Belgian Grand Prix: Five Talking Points
Winner Mercedes' British driver Lewis Hamilton celebrates on the podium after the Belgian Formula One Grand Prix at the Spa-Francorchamps circuit in Spa on August 30, 2020. (Photo by Lars Baron / POOL / AFP) (Photo by LARS BARON/POOL/AFP via Getty Images)

Formula 1 returned to action this week with an action-packed race as the calendar turned attentions to the Belgian Grand Prix at Spa-Francorchamps.

It was another great week for Lewis Hamilton as he extended his lead at the top of the drivers' standings, finishing ahead of teammate Valtteri Bottas in second and Red Bull's Max Verstappen in third. 

As normal service resumed there was a lot of action for fans to sink their teeth into.

From bad to worse for Ferrari

As the season continues to progress, it is clear for all to see that Ferrari are virtually at rock bottom. 

The fall from grace of one of the sport's juggernauts has been evident as 'the Prancing Horse' slides further down the slippery slope and although at times this season it has looked as though things could not possibly be worse for Ferrari, this week they hit a new low.

Having started the day in 13th and 14th place, Sebastian Vettel and Charles Leclerc embarrassingly crossed the finish line in the same positions they started. 

However, the worst part of all of this is the fact that the pair of drivers never really got going and never looked like mounting a challenge against their closest opponents.

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Missed opportunity for Bottas

The past few seasons have provided Formula 1 fans with some spectacular, gritty battles between Mercedes teammates Bottas and Hamilton and the former will be kicking himself that he failed to put up a closer challenge to his victorious colleague.

Bottas finished eight seconds behind race winner Hamilton and it will be a case of what could have been for the Finn having missed a great opportunity to snatch the lead.

After a period behind the safety car, Bottas had a great opportunity to soar past his teammate with a turn of pace, but a lack of urgency meant opportunity missed.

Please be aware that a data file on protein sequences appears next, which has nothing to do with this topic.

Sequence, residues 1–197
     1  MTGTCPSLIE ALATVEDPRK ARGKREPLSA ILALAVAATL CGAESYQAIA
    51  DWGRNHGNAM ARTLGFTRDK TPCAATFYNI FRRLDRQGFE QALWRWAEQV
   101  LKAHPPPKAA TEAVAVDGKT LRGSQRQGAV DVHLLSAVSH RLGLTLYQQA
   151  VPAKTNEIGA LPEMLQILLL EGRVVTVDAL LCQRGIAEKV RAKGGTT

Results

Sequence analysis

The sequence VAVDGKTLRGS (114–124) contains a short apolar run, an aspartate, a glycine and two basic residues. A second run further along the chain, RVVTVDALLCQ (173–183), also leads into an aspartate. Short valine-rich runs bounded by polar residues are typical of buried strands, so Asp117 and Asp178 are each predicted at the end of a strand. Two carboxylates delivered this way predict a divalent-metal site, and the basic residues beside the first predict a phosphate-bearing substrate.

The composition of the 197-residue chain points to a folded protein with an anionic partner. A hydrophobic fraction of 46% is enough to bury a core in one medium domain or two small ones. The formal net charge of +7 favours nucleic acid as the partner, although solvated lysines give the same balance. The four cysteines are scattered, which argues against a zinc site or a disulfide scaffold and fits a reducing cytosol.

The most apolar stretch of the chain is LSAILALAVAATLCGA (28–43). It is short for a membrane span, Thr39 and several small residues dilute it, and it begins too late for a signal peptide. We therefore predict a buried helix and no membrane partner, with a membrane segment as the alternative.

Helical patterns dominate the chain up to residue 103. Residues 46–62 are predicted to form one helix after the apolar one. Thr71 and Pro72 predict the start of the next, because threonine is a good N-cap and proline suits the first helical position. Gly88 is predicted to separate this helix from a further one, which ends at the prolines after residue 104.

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Anthoine's anniversary

With the F1 calendar once again making its way round to the Belgian Grand Prix, this year was a bit different for sombre reasons.

The return to Spa signified the first Grand Prix at the Belgian track since last year's tragic loss of Anthoine Hubert as the world of motorsport continues to mourn the young Formula 2 driver's death a year on.

A series of tributes were dedicated to his memory across F1 and F2 and although the agony of the tragedy remained, fellow drivers certainly did the memory of Anthoine Hubert justice.

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The Gasly question

A year on from the first race in which Pierre Gasly and Alex Albon switched places, the question that continues to hang over Red Bull is why they decided to choose Albon in place of Gasly.

Since Albon took the place of Gasly in the Red Bull seat, the latter has outperformed his replacement more often than not and the result of this week's race just further emphasised the questions surrounding Red Bull's decision to switch the two.

Gasly impressed viewers with an admirable eighth place and although Albon finished two places ahead, in a lesser car the performance of Gasly deserved the plaudits that came his way.

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Near miss

Formula 1 could have been subject to a devastating crash this week, but thankfully it was a case of a near miss.

As Antonio Giovinazzi lost control and made heavy contact with the wall, his Alfa Romeo was catapulted into the path of George Russell, leaving the Williams driver with no choice but to force his own car into the wall.

As if that was not bad enough, one of the wheels from Giovanazzi's car bounced across the track and into Russell.

Both drivers were able to walk away from the incident unharmed and this crash rams home the reasons why safety measures such as the Halo were brought into the sport as this could have been much worse.